But in this case, Nolan doesn't manage to do much of interest with the time-bending conceit. The film's three story lines do finally click together, but not in a way that feels exceptional; movies have been playing with time in this way for a, well, long time, and generally without making a fuss about it. Audiences simply accept that what they're seeing isn't necessarily happening in sequential order. A week, an hour a day... a "whatever."

But that's not the film's main flaw. What hampers "Dunkirk" and frustrates its reach for greatness is the way the film builds momentum time and time again, only to lose steam and start over. There are episodes within the film that feel suspenseful, gripping, and terrifying; there are even small moments of underplayed humor, starting with Tommy's need to find a place to relieve himself -- a project that's interrupted, but not derailed, by a burst of enemy machine gun fire and a full-on life-or-death fight for survival. (War is hell, but earthly needs must still be met.)

But for all the film's visual and plotting cleverness in shaping and then fitting the pieces of a larger picture together, there's little sense of any sustained tension or primary through-line. Nor is there much surprise: You see the shapes of the puzzle pieces, and how they will fit together, long before they assemble, so there's no real snap to the experience. Watching "Dunkirk," with its polished camera moves and its crisp, chest-thumping sound design is absorbing, but it also feels a little like binge watching an action-packed series on Netflix. You segue from episode to episode, coming out of the theater less than two hours later feeling like you just sat through a whole season's worth of something but unsure of exactly what, apart from the general goal of transporting a massive bulk of manpower by means of a huge fleet of all private boats, the movie was about. Did it have a moral? A meaning?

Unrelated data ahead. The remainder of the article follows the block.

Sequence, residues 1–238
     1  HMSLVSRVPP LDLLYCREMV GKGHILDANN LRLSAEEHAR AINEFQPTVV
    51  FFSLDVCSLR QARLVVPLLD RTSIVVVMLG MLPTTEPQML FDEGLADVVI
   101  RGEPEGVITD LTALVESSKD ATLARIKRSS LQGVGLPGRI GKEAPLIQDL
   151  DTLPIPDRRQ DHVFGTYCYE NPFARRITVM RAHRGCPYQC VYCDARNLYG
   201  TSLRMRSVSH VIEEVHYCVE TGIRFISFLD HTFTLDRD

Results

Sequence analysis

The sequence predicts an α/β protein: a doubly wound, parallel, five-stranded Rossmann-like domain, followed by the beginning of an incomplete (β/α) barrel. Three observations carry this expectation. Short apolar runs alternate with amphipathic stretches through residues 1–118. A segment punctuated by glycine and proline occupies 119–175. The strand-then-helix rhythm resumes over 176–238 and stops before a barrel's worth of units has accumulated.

Perhaps; if so, the then the film's comment or central tenant might be found during a placid train journey, after some of the men we've been following make it back home. Poring over newspapers, the soldiers voice doubt about their contributions to the war effort. Were they rescued, or did they, in effect, run away from battle? A man outside their window raps on the glass and, unwilling to face him, they refuse to look up. A moment later, when they realize why he's trying to get their attention, the last piece falls into place. It's a revelatory moment, sweet and fragile after the rattle of big guns and the devastating thunder of explosions, and the question presents itself: Was all that sound and fury really meant to signify this?

What "Dunkirk" is, more than anything else, is a portrait of heroism, and to paint it Nolan looks in some improbable places. To find this, however, you have to look in the crash and the margins, because the field of battle is a little too busy and unfocused.


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Kilian Melloy serves as EDGE Media Network's Associate Arts Editor and Staff Contributor. His professional memberships include the National Lesbian & Gay Journalists Association, the Boston Online Film Critics Association, The Gay and Lesbian Entertainment Critics Association, and the Boston Theater Critics Association's Elliot Norton Awards Committee.